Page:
Indeed, CEO Van Heel outlined some progress they've made negotiating new purchases:

With more than 10 NDAs currently signed, we remain very optimistic about the attractive acquisition opportunities we see in the marketplace... These NDAs represent chains of between 5 and 40 stores located within our 25 state footprint.

Let's work backward. A return on capital of 11% implies that for every dollar the company invests, it will yield 11 cents in operating income less taxes. Assuming a 35% tax rate implies an operating income level of 17 cents. An operating margin of 12.65% translates into $1.34 of revenues. Therefore, every dollar of investment generates $1.34 in revenue.

If forecast revenue needs to increase by $143 million to slightly less than $1.1 billion to hit the 15% target, MNRO will have to invest about $107 million. In FY 2016, MNRO had approximately $109 million in operating cash flow. This amount was mostly sufficient to pay $20 million in dividends, $48 million in acquisitions and $38 million in capital improvements.

An acquisition and construction budget of $107 million will require only between $20 and $30 million in additional long term debt. This is a very manageable amount of leverage. I have presented below a discounted cash flow analysis that utilizes the aforementioned sales-to-capital ratio of 1.35.

Unfortunately, the 11% return on capital is merely sufficient to justify a price around $60 per share.

Discounted cash flow projection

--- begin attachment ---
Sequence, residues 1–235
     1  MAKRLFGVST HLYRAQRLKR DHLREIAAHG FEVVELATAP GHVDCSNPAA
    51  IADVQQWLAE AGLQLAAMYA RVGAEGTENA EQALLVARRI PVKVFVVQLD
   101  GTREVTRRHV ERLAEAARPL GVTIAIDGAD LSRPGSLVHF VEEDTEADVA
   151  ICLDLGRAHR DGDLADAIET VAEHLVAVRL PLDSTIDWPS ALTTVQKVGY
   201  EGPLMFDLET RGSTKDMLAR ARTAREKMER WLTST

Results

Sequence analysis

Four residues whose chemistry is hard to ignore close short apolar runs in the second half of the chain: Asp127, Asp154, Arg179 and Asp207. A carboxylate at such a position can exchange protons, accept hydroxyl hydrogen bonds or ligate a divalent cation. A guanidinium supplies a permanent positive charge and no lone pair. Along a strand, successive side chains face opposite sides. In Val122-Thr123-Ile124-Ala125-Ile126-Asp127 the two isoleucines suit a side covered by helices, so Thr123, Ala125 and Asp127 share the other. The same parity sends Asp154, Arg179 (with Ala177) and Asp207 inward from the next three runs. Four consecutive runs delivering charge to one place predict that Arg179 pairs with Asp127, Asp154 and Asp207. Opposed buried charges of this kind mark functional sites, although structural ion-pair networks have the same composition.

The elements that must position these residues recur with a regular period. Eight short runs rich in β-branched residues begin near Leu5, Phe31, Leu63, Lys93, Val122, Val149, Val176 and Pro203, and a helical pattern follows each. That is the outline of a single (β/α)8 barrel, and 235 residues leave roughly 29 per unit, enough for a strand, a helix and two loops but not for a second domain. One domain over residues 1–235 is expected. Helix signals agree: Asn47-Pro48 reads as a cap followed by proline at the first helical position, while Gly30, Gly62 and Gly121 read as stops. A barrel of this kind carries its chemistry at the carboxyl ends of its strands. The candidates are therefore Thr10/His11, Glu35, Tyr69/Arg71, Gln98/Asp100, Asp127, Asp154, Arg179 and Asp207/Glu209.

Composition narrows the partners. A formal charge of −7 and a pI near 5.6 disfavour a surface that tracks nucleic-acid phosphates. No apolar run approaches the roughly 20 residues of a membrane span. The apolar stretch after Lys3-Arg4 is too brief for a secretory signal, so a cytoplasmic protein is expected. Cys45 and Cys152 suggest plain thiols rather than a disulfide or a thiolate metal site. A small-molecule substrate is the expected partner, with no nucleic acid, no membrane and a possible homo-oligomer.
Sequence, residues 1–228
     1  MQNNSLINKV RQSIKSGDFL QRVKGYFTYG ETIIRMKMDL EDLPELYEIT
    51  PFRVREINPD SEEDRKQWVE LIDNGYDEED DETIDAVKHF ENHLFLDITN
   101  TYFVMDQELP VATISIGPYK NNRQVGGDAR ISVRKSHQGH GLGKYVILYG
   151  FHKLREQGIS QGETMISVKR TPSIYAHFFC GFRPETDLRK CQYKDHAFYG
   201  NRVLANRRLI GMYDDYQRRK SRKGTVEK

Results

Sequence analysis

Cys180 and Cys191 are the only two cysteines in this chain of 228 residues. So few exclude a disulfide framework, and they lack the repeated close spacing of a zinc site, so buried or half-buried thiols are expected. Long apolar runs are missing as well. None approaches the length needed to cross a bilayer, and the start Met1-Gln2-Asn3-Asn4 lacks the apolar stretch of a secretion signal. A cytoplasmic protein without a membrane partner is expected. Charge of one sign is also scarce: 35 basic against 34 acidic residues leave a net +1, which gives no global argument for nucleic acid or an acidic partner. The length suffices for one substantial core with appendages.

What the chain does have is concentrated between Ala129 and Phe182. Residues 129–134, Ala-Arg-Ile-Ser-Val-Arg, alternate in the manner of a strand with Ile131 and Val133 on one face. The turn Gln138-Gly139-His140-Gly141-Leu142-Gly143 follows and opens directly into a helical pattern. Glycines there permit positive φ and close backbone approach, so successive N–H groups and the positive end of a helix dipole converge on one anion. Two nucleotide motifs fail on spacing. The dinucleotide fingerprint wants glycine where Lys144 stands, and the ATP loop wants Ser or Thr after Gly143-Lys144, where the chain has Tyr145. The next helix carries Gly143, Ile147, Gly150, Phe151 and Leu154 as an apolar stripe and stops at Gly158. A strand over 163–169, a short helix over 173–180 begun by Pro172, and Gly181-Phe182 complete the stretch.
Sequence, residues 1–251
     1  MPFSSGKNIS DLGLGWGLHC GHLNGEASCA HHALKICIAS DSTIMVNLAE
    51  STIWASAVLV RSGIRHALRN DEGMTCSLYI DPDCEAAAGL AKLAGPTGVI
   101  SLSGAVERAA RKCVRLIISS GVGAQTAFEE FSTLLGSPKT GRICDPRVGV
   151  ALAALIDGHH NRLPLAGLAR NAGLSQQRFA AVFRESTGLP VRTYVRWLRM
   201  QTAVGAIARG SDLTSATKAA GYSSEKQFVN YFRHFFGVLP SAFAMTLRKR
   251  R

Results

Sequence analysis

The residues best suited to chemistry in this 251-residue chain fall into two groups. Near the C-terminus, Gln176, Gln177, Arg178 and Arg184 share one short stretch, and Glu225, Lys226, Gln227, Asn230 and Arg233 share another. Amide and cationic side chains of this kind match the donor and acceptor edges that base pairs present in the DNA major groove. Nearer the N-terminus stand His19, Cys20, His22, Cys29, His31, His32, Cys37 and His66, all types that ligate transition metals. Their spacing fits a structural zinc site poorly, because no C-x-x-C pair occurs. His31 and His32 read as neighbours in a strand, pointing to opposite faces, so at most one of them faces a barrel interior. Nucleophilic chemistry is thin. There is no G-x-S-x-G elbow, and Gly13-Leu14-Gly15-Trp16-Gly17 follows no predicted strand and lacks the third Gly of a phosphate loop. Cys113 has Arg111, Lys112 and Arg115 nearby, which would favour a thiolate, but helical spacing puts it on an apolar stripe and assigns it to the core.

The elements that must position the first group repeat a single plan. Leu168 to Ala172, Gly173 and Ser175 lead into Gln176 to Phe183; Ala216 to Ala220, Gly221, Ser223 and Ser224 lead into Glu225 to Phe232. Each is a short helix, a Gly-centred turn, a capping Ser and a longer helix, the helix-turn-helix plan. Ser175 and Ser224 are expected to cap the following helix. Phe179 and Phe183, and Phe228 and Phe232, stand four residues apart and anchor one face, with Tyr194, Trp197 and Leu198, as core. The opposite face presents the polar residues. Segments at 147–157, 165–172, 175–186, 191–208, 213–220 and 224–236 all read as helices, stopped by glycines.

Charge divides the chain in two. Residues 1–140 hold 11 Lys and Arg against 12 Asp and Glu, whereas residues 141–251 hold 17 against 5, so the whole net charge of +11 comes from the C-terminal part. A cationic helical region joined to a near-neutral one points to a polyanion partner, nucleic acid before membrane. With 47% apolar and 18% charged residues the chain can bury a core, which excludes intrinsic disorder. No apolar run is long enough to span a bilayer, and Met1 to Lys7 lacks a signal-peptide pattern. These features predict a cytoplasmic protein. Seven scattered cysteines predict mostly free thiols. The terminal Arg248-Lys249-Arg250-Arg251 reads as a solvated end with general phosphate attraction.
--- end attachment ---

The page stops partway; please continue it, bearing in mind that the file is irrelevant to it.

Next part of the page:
Explanation of assumptions

The CEO's revenue growth target of 15% for five consecutive years was utilized. The growth trails off for the following five years.

An operating margin of 15% was employed instead of 12.65%. The reason for the additional margin is the result of the exercise I went through to capitalize operating leases. MNRO has capital lease obligations on the balance sheet and I added the operating leases to both sides of the balance sheet. The amortization of the asset is shown as a benefit to EBIT.

The cost of capital employed as a discount rate is 6.76%. This was derived from a leveraged beta of .85 for equity and 5.38% for the cost of debt.

Debt cost is calculated as follows:

Long Term Debt 1.75% $127,359
Capitalized Leases 7.15% $138,680
Operating Leases 7.15% $123,362
Weighted Average 5.38% $389,481

Balance sheet with adjustment for operating leases:

Disclosure: I am/we are short MNRO.

I wrote this article myself, and it expresses my own opinions. I am not receiving compensation for it. I have no business relationship with any company whose stock is mentioned in this article.

Additional disclosure: Your feedback and comments are welcome. I enjoy a healthy dialogue as a process of seeking good investments. The information provided has been accumulated from publicly available sources including press releases, earnings call transcripts and SEC filings. Any interpretations or inferences are those of the author. You should conduct your own due diligence before you invest.